9.0 – What three 70’s albums should be in every music lovers collection?

1. Presence – Led Zepplin

2. Tapestry – Don McClean

3. Something Anything – Todd Rungdren

10.0 – Is it really true that you “Can’t Stop Being A Dick”?   

It is 100% true. It is an absolute truth. I literally wake up every moring with the best of intentions and by the time I shuffle out into the kitchen and ignore my wife or yell at one of my 5 cats, I’m back.


Your new record If We Never sounds immediately comfortable – how do you view it in relation to your other musical incarnations?

Very personal and uncomfortably comfortable. The songs were written for me in most instances. Two of my friends died while I was recording it. My son’s godmother Patti and my best friend Buff. It made me examine my life, the life of men my age, my relationship with my family (wife, children, friends, etc.). In many ways, it’s a rumination of a middle-age man’s life; all the lust, love, betrayal, sorrow, joy, the finality of life. It’s no doubt my most personal effort as I’ve really examined my own ego and id on this one. (hear track “Sometimes I”)

How do you approach song writing for a solo release versus, say, GIANTfingers?

No difference, really. Just different players. Interestingly enough, this record began as the second GIANTfingers CD and the morphed into my own solo effort. I recorded some tracks with the band and then started laying down more personal tunes, very sparse, in some instances just my voice and guitar with a few embellishments. But I don’t know if I really approached this record any differently than any of my other records, song-writing wise. I don’t write a song and think of who will play what. I just let it flow and then decide what works for me vs. what may work better for GIANTfingers. I’ve always felt that a good song can be played just as readily on an acoustic guitar as it could be on a cello. Melody is (the) driving force.

Do you think the concept of a full-length record will be spun out in 50 years or stick like the symphony has, as a revered format?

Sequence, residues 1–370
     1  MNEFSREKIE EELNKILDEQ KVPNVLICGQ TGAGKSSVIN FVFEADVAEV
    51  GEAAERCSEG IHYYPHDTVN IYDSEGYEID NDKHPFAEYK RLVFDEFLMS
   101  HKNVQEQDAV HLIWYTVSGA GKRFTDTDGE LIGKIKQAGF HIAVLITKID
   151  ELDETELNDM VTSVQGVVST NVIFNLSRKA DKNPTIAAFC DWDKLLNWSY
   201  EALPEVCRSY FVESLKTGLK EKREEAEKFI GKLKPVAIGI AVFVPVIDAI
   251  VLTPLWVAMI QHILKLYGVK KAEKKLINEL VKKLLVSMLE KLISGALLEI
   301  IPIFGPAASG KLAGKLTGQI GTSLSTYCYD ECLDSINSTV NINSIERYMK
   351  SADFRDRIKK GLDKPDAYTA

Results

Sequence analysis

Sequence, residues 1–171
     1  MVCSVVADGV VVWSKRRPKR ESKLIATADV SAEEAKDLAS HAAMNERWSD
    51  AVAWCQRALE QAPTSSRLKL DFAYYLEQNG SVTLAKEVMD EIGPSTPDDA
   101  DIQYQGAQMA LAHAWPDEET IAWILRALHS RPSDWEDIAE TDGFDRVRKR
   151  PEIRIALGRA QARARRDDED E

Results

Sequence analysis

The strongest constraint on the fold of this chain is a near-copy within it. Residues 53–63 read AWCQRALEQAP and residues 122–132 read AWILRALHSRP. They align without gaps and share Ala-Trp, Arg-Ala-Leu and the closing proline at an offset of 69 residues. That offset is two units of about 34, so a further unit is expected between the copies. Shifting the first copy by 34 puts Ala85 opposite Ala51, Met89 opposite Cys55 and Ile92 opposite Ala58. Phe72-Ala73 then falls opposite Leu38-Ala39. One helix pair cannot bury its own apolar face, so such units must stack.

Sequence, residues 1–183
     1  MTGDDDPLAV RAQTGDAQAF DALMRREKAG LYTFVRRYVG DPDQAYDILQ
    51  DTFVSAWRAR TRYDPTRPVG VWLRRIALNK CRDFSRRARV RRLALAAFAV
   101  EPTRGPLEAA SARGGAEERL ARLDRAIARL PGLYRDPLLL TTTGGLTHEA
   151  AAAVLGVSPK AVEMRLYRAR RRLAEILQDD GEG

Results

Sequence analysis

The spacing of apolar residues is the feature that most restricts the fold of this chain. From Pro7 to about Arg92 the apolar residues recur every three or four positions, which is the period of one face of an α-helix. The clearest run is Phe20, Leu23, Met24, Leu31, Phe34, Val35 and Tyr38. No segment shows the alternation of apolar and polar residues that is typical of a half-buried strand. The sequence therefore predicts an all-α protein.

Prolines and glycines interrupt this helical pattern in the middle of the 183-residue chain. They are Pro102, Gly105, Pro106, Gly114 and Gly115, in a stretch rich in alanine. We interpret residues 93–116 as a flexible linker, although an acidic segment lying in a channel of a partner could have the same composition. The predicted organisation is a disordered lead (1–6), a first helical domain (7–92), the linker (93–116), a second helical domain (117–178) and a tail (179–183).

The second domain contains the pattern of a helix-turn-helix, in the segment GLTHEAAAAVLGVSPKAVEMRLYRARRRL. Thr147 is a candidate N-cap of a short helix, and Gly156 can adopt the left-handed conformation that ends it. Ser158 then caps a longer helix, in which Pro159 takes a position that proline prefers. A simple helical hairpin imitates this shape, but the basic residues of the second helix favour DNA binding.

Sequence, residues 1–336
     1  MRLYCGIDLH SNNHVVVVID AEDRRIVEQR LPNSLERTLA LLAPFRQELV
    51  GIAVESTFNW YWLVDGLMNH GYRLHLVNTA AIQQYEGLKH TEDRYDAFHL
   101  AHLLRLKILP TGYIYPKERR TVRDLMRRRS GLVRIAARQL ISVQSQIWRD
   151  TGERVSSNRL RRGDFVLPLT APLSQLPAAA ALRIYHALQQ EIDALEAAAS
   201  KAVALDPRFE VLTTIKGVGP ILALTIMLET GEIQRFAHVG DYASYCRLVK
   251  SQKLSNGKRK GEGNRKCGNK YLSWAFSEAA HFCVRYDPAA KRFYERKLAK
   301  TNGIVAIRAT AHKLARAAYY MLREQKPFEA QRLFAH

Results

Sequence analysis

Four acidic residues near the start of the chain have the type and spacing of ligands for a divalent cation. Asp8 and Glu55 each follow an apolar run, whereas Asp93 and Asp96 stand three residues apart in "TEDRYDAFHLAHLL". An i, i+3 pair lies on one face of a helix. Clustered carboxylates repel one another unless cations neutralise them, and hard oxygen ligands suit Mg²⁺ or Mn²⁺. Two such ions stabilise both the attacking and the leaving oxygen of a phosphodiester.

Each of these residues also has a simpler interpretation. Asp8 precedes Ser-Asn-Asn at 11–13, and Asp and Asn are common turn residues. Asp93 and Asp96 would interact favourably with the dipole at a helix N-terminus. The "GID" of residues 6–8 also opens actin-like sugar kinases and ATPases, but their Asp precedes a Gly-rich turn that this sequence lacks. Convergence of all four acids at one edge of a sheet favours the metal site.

Very good question. I think the full-length is dead right now. How many people ingest a full-length album today? I’d like to see that poll. We buy tracks. Artists like  CeeLo Green have been done well by releasing killer tracks like “Fuck You” or earlier with “Crazy” by Gnarls Barkley that made folks stop and notice. And they were done before the albums were released. Besides, did it matter to the Beatles or the British Invasion bands way back when? Nope. They just released singles that got compiled into albums. There is just too much music, too much culture for people to pay attention to an entire album.  Much of my favorite hip-hop has always been best ingested by individual tracks and not entire albums. However, if an album is a magnificent effort and the songs flow into one another, then it rewards the listener like a novel or short movie. Even my own CD is stupid, even though it’s a concept album about middle-aged angst. I’d be a fool to suggest that anyone spend the 40 odd minutes to listen to it. But if they do, I hope they’ll enjoy the experience. I think it works best while driving or riding the subway. Ingest it like an audiobook. I also think that providing strong visual components for your music can act as a barker for your brand. Recently my video for the track “Secret Window” featuring the French actress Stella Velon won Best Music Video at the LA Film & Script festival. And the cover art was rendered by artist Jeff Zenick.

Do you see rock & roll as a reasonable raison d’etre?

Reasonable? No; necessary. Two guitars, bass, and drums. A garage. Some dudes that want to let it all hang out, and voila… Let there be rock! Rock and roll will never die. Long live rock! Rock is just like any other musical genre. Once you introduce it to the status quo, it will ascend, peak, descend, and then settle in to itself. Rock probably had its Renaissance during the late ’60s/early ’70s. Those bands and tunes have stood the test of time. Just like jazz in the ’50s, classical music in the 19th century. But then again, punk rock kicked it in the arse and it had a rebirth. Rap kicked it in the teeth. And on and on…

Did you have to fight or embrace cynicism to keep on keepin’ on?

Not at all. FIrst and foremost I have to be engaged myself. I don’t look at songwriting, or painting, or writing a great novel as any different. It’s all about the journey for any artist. You have an idea, you produce the idea in some format, and then feel compelled to share that idea with other people. Then you leave it up to others to embrace it or reject it. An artist need only worry about pleasing oneself. Any attention after that is extra gravy. But it’s easy to be cynical given today’s music culture. Especially when so many people feel that music has so little value that they have no qualms stealing it. I often ask these same folks why they don’t steal art off of walls. Normally they have no irrefutable rebuttal. Musicians need to make a living, too.

If you had to pick, what one year in rock is your all-time favorite?